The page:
When her niece was born her youngest son was one year old (Sharon has three kids). She had boxes and boxes of clothes from all her kids in the closet. At the time she was doing a consulting gig and traveling for the Foundation Source and she wanted to make some time to go through all the boxes before sending them out to her niece in Oklahoma City. She wanted to find a repository where people could send their stuff to buy and share but she couldn't. It was August 2011. She couldn't find one and that was her aha moment. She called her Mom who had been a comptroller for the past 30 years and her sister who is also a CPA and business analyst in the manufacturing industry and told them that she had an idea. She wanted to know if they thought that creating a place online to share and buy kids clothes made sense. They said yes and that they would do it with her.
Sharon told Foundation Source in September that she would be leaving at the end of the year. She wanted to nicely transition out. By the end of the year they had launched the original idea which was a Netflix for baby clothes. They owned the clothes and started with a subscription fee to get seven outfits in the same size for newborn to 24 months and then when you were done they'd send you the next size up. One person subscribed on December 31st and they eventually mangaged to get 20 people. They won a pitch competition at a collaborative based start-up in NYC and then returned to Chicago where they got into Excelerate Labs (which eventually turned into Techstars).
The first month at Accelerate she felt like something wasn't working. She got on the phone with one of her subscribers and began to ask questions. She was the core target demo as this woman just had her third kid. The customer said she felt like the clothes were too precious and she couldn't remember which one was hers and which one was theirs. The kids spit up on the clothes and ruin them and she felt a burden of borrowing clothes and then feeling responsible for keeping them clean. This conversation forced them to go back to the drawing board.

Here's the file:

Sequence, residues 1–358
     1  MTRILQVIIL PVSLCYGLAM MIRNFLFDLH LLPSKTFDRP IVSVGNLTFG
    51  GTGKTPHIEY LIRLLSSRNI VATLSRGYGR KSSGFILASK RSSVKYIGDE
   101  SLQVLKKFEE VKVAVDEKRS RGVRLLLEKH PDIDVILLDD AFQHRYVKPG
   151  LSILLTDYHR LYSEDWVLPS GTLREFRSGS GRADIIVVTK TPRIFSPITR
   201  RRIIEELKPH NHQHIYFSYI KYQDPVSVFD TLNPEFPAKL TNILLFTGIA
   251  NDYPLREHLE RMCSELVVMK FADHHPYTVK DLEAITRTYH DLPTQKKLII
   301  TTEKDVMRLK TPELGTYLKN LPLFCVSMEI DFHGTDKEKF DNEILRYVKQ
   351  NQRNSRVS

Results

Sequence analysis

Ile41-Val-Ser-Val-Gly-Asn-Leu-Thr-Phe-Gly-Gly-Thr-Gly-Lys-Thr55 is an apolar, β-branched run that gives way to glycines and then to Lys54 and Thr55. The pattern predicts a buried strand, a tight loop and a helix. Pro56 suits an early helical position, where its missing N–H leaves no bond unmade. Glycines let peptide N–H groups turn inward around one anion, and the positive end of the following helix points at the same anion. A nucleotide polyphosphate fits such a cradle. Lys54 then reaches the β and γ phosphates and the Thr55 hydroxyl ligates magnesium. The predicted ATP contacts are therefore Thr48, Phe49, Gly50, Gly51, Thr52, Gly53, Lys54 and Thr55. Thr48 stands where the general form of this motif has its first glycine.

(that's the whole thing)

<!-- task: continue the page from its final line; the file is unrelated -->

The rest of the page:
They wanted to keep the core of reusing clothes so they thought what if we just resell the old clothes instead of lending them out. They hired a tech contractor and in three weeks they had changed the business and renamed it Moxie Jean. The first name was Good Karma and after doing a simple marketing poll which was sending an intern to the food courts asking Moms what they thought of the name, they nixed Karma because it was too polarizing.
Moxie Jean graduated from the Techstars program in August and have made some serious progress since. The brand relaunched in July 2012. They raised money on a convertible note and are now raising a seed round (although since our conversation they might have already completed that). They tripled their revenue since December. They continue to grow monthly and have sold over 25,000 units on their site. Some Moms are buyers and others are sellers. You can send them your clothes and get a credit towards buying new stuff or cash back based on what sells. Not only have their built a business they have created a community around the product they are providing to families with young kids.
Sharon is impressive. I love that she brought her Mom and sister in to join the team. An interesting career that has led her to be an entrepreneur. If you have kids, check it out, Moxie Jean.
Love the concept of buying gently used clothing and they have a great website/business that allows one to do that, stay fashionable and budget conscious. I made one suggestion on their website that they change their focus from just moms to parents. With marriage equality sweeping the nation and the ever increasing divorce rates single dads and gay dads also have families.
Know her well. You are correct. She is impressive. In the TechStars class she went through, she did a total revamp and pivot of her business-ending in Moxie Jean.Chicago has been lucky with female entrepreneurs. One day you will have to meet Sue Khim of Brilliant.org. Tell high school age kids about Brilliant. Can help them get into college.
> Chicago has been lucky with female entrepreneursˆˆ Agreed. We *are* seeing a lot more female entrepreneurs lately. And a lot of great, seemingly (to me as a male) “out of the box” concepts. Such as MoxieJean. Which is clearly *not* unrelated.It’d be interesting to see how true this is quantitatively.
>”She got on the phone with one of her subscribers and began to ask questions.”ˆˆ Yay! Seems so obvious, but it’s amazing to me how many companies fail to involve their customers like this. Or at all.A word of advice to entrepreneurs: If you want to know what your customers want or think: Just ask!Sharon is becoming Savior Faire. (She’s everywhere!)Nice article. And, of course, good luck, Sharon!